• If an association BoD chooses to use a particular Management Company, it should expect a relentless effort to help them reduce their costs. This is a new concept for many, as they are much more comfortable with just delivering the services outlined in the contract. Take a look at your existing contract or a proposal from a potential Management Company. Do you see a statement that says they will deliver cost savings to the association? Or better yet, do you see a statement that says they will deliver (X) % of cost savings to the association? A Management Company like any other supplier does not like to be pinned down. It often easier to just deliver the service and pass alone any cost increases to association members in the form of increased fees or special assessments. Management Companies should be held accountable for cost performance and a provision should be incorporated into their contract to reinforce that responsibility.

Shown below are some ways to cut your Management Company cost:

  • Determine the level of self-management that you will use and that you can afford (Take apart the Management Company contract line-item-by-line item and explore alternative ways to eliminate, revise it, or have the service performed by someone else at a lower cost. Separate the association “needs” from its “wants”. Have the Management Company provide quotes for each line item in the contract. This will allow for an apples-to-apples comparison with self management or other suppliers. Use this eliminated or reduced service level as a basis to renegotiate a lower priced contract.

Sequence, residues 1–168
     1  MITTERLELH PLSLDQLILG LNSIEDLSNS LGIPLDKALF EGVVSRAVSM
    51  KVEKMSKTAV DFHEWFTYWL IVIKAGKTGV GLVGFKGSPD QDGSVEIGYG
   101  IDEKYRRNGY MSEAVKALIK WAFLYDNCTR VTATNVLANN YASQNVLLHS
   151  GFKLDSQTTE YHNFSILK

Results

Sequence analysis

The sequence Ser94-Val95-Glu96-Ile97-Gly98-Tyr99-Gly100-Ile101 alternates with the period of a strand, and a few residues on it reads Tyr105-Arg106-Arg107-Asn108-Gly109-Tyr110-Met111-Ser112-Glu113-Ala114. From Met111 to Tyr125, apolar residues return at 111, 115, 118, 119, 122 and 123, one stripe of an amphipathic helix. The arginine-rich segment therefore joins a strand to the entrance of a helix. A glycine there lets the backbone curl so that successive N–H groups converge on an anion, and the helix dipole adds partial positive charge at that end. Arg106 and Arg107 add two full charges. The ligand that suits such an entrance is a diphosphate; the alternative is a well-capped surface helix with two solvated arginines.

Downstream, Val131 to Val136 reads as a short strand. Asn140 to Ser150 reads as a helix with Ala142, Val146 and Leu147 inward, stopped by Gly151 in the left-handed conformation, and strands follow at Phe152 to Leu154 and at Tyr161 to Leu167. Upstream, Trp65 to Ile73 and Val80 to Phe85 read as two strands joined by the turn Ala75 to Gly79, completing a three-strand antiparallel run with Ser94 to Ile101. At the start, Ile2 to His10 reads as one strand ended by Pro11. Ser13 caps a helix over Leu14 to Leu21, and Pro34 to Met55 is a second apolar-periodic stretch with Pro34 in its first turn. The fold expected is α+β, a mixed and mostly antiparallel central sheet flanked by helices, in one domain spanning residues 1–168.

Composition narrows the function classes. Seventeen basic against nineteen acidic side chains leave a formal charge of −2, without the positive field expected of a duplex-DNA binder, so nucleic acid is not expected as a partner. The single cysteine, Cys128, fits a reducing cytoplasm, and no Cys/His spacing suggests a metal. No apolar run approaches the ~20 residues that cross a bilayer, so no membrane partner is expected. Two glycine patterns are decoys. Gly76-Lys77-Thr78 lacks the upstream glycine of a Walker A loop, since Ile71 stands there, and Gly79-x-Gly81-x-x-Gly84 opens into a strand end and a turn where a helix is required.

• Use consultants, freelances or part-time employees, instead of full-time employees.
  • Often, one of the largest expenses is bookkeeping. If you have an active volunteer group that is willing to take over some management tasks, you can realize significant savings by hiring an accountant to handle the books and to process payments/receipts.
  • Competitively source your small service projects. For small service needs, it is not necessary to have a Management Company or professional contractor perform small maintenance tasks or to fix every little problem. (Handyman Services. For condo or homeowner associations that can't afford a full time maintenance person, contract with a licensed, bonded and insured handyman who can perform a monthly "laundry list" of small repairs. Combine tasks to provide a full day's work. Moonlighters. In most buildings, the building staff moonlights as painters and general repair persons. Talk to your staff and see if they would like to make extra money by doing some of the work that normally a professional would do. The best example of this approach is touch-up painting in halls and stairwells. Develop a closer alliance with subcontractors to perform work in the neighborhood to get small projects done quickly and cost effectively. Volunteers. You may have members who have special skills/hobbies (engineers, contractors, woodworkers, gardeners, skilled trades, etc.) who may be willing to perform small maintenance duties or projects. Do no be afraid to ask for their help. The use of volunteers is an excellent way to help keep your costs down.)
  • Jointly explore with the Management Company any changes that the association cold make to reduce the Management Company cost that in turn could be passed along to the association. (Eliminate or reduce the amount of time that a Management Company is required at BoD meetings. Shorten the length of BoD meetings. Hold quarterly meetings versus monthly meetings. Hold daytime meetings during normal business hours to avoid overtime. Move the Board meeting to the management office to save manager time and avoid mileage charges. With an approved budget, proper policies in place and a management planning calendar, the Management Company should be able to handle most issues with only occasional input from the president.)